by Stefan Ruzowitzky

When an ex-prisoner of the Great War returns home and finds his comrades brutally murdered, he decides to bring the serial killer to justice.

Vienna, 1920. The Austro-Hungarian Empire has collapsed. Peter Perg returns home from the Great War, after years of captivity. But the Vienna he comes home to is nothing like the place he once knew. The new Austrian Republic thrives on artistic freedom, but anti-democratic movements loom overhead. A stranger in his hometown, his life takes a turn for the worse when one of his former comrades is murdered. Suddenly the mysterious killings of veterans are mounting. Personally connected to the victims, Perg decides to bring the killer to justice.

Genre / Language / Length
Thriller / German / 98 minutes
Original title
directed by
Stefan Ruzowitzky (THE COUNTERFEITERS)
director of photography
Benedict Neuenfels (I'M YOUR MAN, STYX)
screenplay by
Hanno PinterRobert BuchschwenterStefan Ruzowitzky (THE COUNTERFEITERS)
produced by
FreibeuterFilm and Amour Fou in co-production with Scope Pictures and Lieblingsfilm
  • Liv Lisa Fries (BABYLON BERLIN)
  • Max von der Groeben (KIDNAPPING STELLA)
  • Matthias Schweighöfer (YOU ARE WANTED)

Press Quotes

“The Third Man meets Se7en amid the chaos of post-First World War Vienna in atmospheric serial-killer thriller Hinterland.”
“Built around a powerhouse performance by Murathan Muslu.”
“Working with visual-effects wizard Oleg Prodeus and set-designers Andreas Sobotka and Martin Reiter, Ruzowitzky conveys Perg's extreme sensory disorientation by means of radically expressionistic CGI backdrops.”
“The film imaginatively deploys green-screen technology to conjure off-kilter visions of the Austrian capital a century ago.”

“The digital graphics used to reconstruct Vienna's decaying and grotesque nineteen-twenties streets have resulted in a high-impact film.”


“Stefan Ruzowitzky visually brilliantly renders collective grievances, inner conflicts, the loss of reference points of this time as the protagonists move in an environment that is skewed, deformed, out of focus.”
"In Hinterland, after a few minutes, this distorted world draws the viewers into its expressionist universe and leads them into a double feeling: the suspense of the hunt for the killer and his motives; the foreboding of the moral slide towards what will become the global trauma of the 20th century.”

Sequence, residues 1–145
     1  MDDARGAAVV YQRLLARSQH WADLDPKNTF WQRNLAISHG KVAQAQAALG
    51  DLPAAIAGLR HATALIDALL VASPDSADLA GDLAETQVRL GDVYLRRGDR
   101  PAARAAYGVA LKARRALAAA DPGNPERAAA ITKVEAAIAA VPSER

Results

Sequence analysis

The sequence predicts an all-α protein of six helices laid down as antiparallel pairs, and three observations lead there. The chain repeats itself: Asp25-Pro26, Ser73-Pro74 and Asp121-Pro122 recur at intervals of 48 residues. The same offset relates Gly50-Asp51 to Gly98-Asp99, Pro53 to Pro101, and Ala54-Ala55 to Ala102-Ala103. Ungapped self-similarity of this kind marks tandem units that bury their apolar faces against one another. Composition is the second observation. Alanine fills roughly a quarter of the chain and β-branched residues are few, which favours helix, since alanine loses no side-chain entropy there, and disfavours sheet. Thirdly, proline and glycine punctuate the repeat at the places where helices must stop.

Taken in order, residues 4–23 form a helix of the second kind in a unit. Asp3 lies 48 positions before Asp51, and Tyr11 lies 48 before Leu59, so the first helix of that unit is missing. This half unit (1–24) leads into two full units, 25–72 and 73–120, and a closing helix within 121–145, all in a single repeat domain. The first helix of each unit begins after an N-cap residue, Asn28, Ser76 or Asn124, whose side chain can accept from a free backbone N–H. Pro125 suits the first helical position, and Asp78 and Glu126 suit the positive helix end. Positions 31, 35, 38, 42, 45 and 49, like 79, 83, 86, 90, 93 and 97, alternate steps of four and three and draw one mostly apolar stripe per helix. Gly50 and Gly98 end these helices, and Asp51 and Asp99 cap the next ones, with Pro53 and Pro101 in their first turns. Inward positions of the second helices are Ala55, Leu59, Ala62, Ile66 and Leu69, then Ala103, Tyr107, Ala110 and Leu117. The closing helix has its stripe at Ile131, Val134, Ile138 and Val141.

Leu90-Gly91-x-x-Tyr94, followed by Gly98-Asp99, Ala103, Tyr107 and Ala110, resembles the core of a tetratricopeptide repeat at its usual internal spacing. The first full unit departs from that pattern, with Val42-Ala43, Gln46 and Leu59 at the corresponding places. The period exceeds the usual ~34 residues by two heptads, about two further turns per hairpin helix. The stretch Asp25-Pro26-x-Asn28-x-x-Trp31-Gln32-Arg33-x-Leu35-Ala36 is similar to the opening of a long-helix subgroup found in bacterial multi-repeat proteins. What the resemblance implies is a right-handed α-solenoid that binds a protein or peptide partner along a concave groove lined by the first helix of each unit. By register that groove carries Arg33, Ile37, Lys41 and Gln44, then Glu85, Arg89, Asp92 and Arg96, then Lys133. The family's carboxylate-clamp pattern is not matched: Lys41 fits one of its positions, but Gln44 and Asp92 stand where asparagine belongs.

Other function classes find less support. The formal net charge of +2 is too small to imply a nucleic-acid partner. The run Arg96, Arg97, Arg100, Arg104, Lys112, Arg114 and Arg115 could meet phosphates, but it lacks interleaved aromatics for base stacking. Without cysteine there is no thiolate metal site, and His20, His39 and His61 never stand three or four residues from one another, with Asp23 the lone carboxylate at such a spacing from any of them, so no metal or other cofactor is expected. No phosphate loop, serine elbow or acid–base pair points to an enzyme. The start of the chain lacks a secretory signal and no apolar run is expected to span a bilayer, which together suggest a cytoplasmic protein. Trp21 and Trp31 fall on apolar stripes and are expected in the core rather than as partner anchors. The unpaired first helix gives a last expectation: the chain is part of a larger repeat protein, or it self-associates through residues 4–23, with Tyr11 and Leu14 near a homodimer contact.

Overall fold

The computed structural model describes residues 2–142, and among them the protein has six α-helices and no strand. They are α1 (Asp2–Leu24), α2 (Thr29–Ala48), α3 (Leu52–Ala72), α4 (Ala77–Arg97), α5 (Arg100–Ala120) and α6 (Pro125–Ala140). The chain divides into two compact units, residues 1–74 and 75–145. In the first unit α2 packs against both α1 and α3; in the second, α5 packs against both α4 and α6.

“This film feels like what The Alienist could have been.”
“Its power is that it doesn't show any bias in any different way but also skirts the edge in a meaningful way as well.”
“The power of a piece like "Hinterland" is that alot of it makes sense while still creating a cinematic journey and a thriller that still moves without any big action sequences.”

“[A] stylish noir thriller.”
“[A] highly enjoyable murder mystery.”
“Echoing M by Fritz Lang or even Grimms' Fairy tales, suffused with Klimt's Secessionist jewel-like paintings transporting us rather evocatively back to early 1920s Vienna where a mood of mistrust prevails. The background photograph technique works wonders in conjuring up the contrast between doom and the squalid splendour of the Austrian capital.”

“Imagine something like 300 or Sin City but meant as an homage to German Expressionism; a movie with real people acting on a background that seems almost drawn, as if in a painting or comic book with a very peculiar, gloomy style.”
“I enjoy this movie a lot.”

“A visionary and expressionist style that recalls the first Lars Von Trier.”
“Ruzowitzky points the finger at 'toxic masculinity' and recalls the cinema of Christopher Nolan, the geometric world of videogames and the works of Hudertwasser.”
“Particularly memorable: main protagonist Murathan Muslu.”
“A classic thriller, but with a packaging that externalises, explicates, emphasises, directing the film towards the pacifist parable.”

“The first really big film on the Piazza Grande. A powerful piece of work that uses the large screen.”
“A tense crime and revenge story.”
“The visual concept is, a recreated, painted, computer-designed Vienna that looks like Egon Schiele and Marc Chagall got together to paint it.”
“Very impressive.”

“A Sin City that bows before Expressionism, yet always remains modern. A piece of work that, in terms of technique and attitude, could only be created now.”

Selected Festivals & Awards

Locarno International Film Festival | Audience Award | awarded
Telluride International Film Festival
Film Festival Hamburg
BFI London Film Festival
Alexandre Trauner ART/FILM Festival
Thessaloniki International Film Festival
Fancine - Fantastic Film Festival of the University of Málaga | Best Original Screenplay | awarded
International Film Festival of India in Goa
Cairo International Film Festival